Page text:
Working With Law Enforcement: Getting Started
Working with Law Enforcement: Getting Started
Some abuse is only discovered when a child talks to his or her parent about what happened. Hearing this in your child’s voice is heartbreaking and stirs up many emotions. It may be hard to believe, especially if the perpetrator is known to you.
Making the decision to report your child’s abuse to law enforcement is difficult. Friends and family members may give you differing opinions about whether you should make a formal report to authorities. Some wish to hide that the abuse ever happened while others demand justice.
Child abuse is most often perpetrated by a person known to the child and family. This can make reporting even harder, especially if the abuser is someone you respect or love. What is known about abusers is that they will most likely continue to abuse children; very rarely does someone stop with one child. Even though it may be emotionally difficult, reporting abuse gives you the chance to protect your child and other children who are unable to protect themselves.
Once you’ve made the decision to report the abuse to law enforcement, these guidelines will help you manage your relationship with the child as well as preserve evidence.
Do not ask the child questions about the abuse.
A normal response to hearing your child talk about being abused is to ask more questions. Do not do this! A child’s memories can be changed by asking questions that are leading. Even something as simple as, “Was he wearing blue?” can plant a false memory in the child’s mind.
Instead of asking questions, just listen to whatever they wish to disclose and offer your love and support for them. Let them know that you believe them and that what happened was not their fault. Even though you may hear shocking or horrifying details, being calm is important. If you react with horror, your child may take it personally and think they were in the wrong or are somehow now an object of disgust.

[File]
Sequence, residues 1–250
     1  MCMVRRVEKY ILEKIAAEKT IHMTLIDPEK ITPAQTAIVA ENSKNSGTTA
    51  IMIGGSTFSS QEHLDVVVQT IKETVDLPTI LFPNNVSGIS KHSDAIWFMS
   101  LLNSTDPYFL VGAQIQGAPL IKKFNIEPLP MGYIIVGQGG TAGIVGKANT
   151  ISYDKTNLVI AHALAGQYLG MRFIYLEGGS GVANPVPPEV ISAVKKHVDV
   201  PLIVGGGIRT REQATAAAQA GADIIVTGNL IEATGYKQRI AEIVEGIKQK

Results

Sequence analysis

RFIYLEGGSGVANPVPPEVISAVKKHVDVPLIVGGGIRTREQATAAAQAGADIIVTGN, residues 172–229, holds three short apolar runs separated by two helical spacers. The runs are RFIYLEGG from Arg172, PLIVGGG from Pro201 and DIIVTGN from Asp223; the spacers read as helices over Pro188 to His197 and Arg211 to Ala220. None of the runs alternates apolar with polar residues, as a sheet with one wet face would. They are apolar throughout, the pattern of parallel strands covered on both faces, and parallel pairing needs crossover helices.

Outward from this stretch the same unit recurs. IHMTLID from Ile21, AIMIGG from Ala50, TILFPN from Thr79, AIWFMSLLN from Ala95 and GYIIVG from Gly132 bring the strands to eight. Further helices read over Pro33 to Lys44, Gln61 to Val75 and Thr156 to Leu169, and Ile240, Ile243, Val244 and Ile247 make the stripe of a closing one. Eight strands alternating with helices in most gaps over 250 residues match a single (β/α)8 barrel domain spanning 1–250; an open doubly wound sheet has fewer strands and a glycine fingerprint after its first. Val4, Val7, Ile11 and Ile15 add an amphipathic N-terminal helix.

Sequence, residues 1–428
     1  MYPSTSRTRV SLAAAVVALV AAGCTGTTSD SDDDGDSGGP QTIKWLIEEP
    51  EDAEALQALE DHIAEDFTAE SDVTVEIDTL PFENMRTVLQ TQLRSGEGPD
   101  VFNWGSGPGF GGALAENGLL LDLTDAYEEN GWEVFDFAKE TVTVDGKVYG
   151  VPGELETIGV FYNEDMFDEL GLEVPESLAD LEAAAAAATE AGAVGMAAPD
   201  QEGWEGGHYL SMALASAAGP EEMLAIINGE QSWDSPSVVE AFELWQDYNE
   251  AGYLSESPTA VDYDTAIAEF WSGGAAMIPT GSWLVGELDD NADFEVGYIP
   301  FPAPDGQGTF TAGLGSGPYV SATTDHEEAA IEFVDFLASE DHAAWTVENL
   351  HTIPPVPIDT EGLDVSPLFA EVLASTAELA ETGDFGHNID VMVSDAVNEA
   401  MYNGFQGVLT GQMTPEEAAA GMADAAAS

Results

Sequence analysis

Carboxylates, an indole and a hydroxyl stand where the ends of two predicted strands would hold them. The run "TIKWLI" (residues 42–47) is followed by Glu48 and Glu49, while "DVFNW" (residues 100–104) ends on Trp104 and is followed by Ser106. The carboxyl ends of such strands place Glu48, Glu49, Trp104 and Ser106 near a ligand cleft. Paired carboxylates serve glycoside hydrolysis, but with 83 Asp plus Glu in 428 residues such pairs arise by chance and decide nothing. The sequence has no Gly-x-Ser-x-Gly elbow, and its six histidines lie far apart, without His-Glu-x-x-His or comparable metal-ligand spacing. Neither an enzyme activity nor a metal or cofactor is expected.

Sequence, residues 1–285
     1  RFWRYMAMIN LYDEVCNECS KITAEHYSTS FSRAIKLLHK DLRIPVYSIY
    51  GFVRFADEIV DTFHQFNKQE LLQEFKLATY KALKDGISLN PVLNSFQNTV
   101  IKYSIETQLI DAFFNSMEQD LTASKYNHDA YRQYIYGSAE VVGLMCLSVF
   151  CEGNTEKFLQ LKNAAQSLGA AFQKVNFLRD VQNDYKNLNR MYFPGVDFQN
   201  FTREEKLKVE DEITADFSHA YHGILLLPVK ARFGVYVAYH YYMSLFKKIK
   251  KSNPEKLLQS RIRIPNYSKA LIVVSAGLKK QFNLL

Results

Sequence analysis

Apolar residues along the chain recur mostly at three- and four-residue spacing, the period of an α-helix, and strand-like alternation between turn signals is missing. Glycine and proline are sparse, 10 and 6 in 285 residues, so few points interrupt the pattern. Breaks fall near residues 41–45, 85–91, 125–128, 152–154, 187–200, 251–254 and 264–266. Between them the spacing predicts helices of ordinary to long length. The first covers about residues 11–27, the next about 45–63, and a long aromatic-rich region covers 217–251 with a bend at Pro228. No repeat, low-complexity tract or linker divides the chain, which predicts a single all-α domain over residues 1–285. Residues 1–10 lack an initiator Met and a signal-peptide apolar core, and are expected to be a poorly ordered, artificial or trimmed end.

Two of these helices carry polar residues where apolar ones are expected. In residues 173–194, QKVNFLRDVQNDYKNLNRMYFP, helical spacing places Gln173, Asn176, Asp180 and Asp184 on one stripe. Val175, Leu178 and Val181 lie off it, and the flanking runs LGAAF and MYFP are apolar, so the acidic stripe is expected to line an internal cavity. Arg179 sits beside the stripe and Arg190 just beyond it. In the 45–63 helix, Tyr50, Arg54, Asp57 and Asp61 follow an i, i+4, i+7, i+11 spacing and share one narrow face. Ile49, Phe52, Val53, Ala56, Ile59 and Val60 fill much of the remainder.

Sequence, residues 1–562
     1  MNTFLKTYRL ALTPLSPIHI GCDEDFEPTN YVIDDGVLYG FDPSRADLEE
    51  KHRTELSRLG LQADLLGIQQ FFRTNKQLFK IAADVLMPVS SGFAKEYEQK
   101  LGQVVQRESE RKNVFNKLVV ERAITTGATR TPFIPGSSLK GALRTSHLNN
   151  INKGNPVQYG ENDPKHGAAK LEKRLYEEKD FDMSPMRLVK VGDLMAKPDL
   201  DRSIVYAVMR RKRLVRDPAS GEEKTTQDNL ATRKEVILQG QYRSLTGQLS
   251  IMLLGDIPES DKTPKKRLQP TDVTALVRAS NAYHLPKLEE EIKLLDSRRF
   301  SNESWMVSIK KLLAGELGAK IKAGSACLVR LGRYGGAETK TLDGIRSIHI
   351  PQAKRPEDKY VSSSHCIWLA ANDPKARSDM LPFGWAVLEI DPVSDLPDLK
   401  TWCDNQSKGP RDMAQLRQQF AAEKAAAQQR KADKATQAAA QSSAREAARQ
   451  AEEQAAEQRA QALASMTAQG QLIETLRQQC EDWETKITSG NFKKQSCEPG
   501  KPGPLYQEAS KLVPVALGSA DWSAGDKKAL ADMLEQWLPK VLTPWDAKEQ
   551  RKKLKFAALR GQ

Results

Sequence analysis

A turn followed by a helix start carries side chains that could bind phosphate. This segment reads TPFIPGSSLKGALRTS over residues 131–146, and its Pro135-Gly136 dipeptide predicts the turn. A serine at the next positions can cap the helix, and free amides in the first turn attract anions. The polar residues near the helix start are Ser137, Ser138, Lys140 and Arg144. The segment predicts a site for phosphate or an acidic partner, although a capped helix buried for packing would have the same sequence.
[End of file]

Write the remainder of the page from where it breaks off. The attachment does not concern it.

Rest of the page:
Tell your child that you are going to talk to someone who can help.
This does not mean that you are asking the child’s permission to reach out to authorities. Rather this means you are letting the child know that reporting what happened is important. A child may not want it reported, especially if the perpetrator threatened to harm the people that she/he loves. Your job, though, is to provide safety, and that is best done through the authorities.
Telling your child your plans is important. It gives them an opportunity to ask questions and to have their concerns heard. It also shows that you respect your child.
Make sure your child is safe.
Take steps to make sure your child is no longer in danger from the perpetrator. This may mean that an activity is canceled or that alternate plans are made for care. When you make the report, make sure that law enforcement knows of any concerns you have for your child’s safety.
Reassure your child of God’s love. Many children of abuse report later in life that the abuse made them feel unlovable and that something must have been wrong with them. Some feel God must not love them, and that is why the abuse happened. Keep reminding your child of God’s love for him or her. Remind them of the Bible stories that show that Jesus loves and cares for children, and he considers their faith to be special. For more information on sharing’ Jesus’ love with children, go to Talking Jesus with a Child Survivor.